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Russia Trying to Influence Election?; Clinton-Kaine Bus Tour; Sources: FBI Investigating Hack of Clinton Campaign Data. Aired 6-7p ET

Aired July 29, 2016 - 18:00   ET



WOLF BLITZER, CNN ANCHOR: Sources say Russia is to blame. Is Vladimir Putin trying to influence the U.S. election?

On the road. Hillary Clinton launches a battleground state tour aimed at building momentum after her big party in Philadelphia. Tonight, can the Democrats bank on a convention bounce, as the general election campaign revs up?

Hit 'em hard. Donald Trump keeps his verbal fire squarely on the Democrats in his first campaign rally since Hillary Clinton's convention speech, this as his running mate declares there's no place for name-calling in presidential politics.

And a father's fire. A Muslim American points to the U.S. Constitution and the memory of his war hero son to unleash a blistering condemnation of Donald Trump at the Democratic Convention.


KHIZR KHAN, FATHER OF KILLED U.S. SOLDIER: You have sacrificed nothing and no one.


BLITZER: We want to welcome our viewers in the United States and around the world. I'm Wolf Blitzer. You're in THE SITUATION ROOM.

ANNOUNCER: This is CNN breaking news.

BLITZER: Breaking news tonight, more fuel for fears Vladimir Putin may be trying to interfere in the U.S. election.

Russia under scrutiny, as law enforcement officials here in Washington investigate a new cyber-attack on the Hillary Clinton campaign, this after two hacks on Democratic Party organizations. Stand by for more on that.

Also tonight, Hillary Clinton is taking her convention message on the road. She's arguing that voters have a clear choice between a man who claims he can fix things alone and a woman who says Americans are stronger together. The Democratic presidential nominee is hoping she left Philadelphia with a convention bounce, as she and Tim Kaine launch a bus tour through the battleground states of Pennsylvania and Ohio.

Donald Trump offering a scathing review of Hillary Clinton's convention just a little while ago during a campaign rally in Colorado. He says the Democrats offered nothing but cliches and recycled rhetoric. Trump's national campaign spokeswoman, Katrina Pierson, she is with us tonight. She's standing by live, along with our correspondents and analysts. They're covering all the day's top stories.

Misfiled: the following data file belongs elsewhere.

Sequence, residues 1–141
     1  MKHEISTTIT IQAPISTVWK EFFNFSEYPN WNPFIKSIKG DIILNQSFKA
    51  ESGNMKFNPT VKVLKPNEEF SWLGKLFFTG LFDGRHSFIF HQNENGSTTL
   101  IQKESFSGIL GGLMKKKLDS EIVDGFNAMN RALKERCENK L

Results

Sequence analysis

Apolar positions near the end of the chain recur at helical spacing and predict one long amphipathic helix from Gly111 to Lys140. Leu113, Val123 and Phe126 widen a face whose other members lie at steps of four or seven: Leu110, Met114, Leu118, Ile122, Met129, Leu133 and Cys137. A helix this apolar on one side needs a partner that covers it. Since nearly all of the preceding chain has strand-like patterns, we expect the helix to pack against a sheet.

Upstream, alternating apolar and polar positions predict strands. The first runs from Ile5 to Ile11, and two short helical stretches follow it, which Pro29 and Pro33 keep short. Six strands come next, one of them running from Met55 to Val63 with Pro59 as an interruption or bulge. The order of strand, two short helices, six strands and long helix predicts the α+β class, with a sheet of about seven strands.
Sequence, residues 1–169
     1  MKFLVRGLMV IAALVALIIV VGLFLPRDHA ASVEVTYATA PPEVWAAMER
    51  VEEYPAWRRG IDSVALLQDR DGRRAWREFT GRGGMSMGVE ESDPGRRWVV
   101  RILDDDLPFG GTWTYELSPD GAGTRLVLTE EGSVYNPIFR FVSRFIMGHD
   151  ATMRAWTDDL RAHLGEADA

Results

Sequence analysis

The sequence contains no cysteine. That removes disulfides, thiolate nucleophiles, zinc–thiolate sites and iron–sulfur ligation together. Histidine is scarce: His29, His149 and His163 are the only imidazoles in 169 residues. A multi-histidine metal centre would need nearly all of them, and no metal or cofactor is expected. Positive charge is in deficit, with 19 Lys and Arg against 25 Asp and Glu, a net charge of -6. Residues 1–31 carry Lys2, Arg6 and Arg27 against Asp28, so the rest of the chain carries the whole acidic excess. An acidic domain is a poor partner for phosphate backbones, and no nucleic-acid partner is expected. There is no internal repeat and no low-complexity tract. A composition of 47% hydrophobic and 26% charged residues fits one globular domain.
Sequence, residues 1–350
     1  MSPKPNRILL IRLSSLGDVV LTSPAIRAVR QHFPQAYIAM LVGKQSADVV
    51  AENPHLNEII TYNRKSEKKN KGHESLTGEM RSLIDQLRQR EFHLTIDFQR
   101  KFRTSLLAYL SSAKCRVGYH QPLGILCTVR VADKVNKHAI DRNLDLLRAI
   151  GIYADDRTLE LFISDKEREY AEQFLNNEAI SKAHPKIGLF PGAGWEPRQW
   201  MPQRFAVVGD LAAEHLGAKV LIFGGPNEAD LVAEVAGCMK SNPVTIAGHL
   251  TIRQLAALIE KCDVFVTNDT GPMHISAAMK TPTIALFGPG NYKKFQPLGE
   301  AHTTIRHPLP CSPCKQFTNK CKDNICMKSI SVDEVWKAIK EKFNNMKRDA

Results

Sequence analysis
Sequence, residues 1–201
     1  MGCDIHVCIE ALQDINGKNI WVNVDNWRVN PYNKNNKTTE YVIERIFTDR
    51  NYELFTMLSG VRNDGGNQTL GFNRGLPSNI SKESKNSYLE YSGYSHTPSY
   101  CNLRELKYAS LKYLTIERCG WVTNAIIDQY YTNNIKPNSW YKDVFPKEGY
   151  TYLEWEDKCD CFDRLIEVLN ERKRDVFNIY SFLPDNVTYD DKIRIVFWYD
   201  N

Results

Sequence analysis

Up first, let's go to CNN senior Washington correspondent Jeff Zeleny. He is in Philadelphia with more on the Democrats' post-convention convention swing.

What's the latest, Jeff?

JEFF ZELENY, CNN SENIOR WASHINGTON CORRESPONDENT: Wolf, the Clinton campaign is now not commenting at this hour of these report of potential computer hacking into their own campaign accounts along with other Democratic officials, the DNC and the DCCC, of course, the House campaign committee.

They're not commenting on that yet tonight, Wolf. But this is happening as Hillary Clinton and Tim Kaine held a rally here at Temple University in Philadelphia. They believe they have unified their party after a weeklong convention. Now comes the hard part, trying win over those voters still undecided in the middle.


ZELENY (voice-over): The new Democratic ticket is taking its show on the road.

HILLARY RODHAM CLINTON (D), PRESIDENTIAL CANDIDATE: As of tomorrow, we have 100 days to make our case to America.


ZELENY: Hillary Clinton and Tim Kaine on a three-month sprint to Election Day.

CLINTON: What better place to kick off this campaign than right here in Philadelphia, where it all started 240 years ago?


ZELENY: After a convention steeped in nostalgia, their challenge now, tapping into the country's hunger for change.

CLINTON: I'm not telling you that everything is just peachy-keen. I'm telling you we have made progress, but we have work to do if we're going to make sure everybody is included.


ZELENY: Their fight with Donald Trump is now fully joined, as they try making him an unacceptable choice. SEN. TIM KAINE (D-VA), VICE PRESIDENTIAL CANDIDATE: The Republican

Convention was like a twisted and negative tour. It was a journey through Donald Trump's mind. And that is a very frightening place.


ZELENY: So, today Clinton and Kaine set off on a bus tour of Pennsylvania and Ohio, zeroing in on the economy.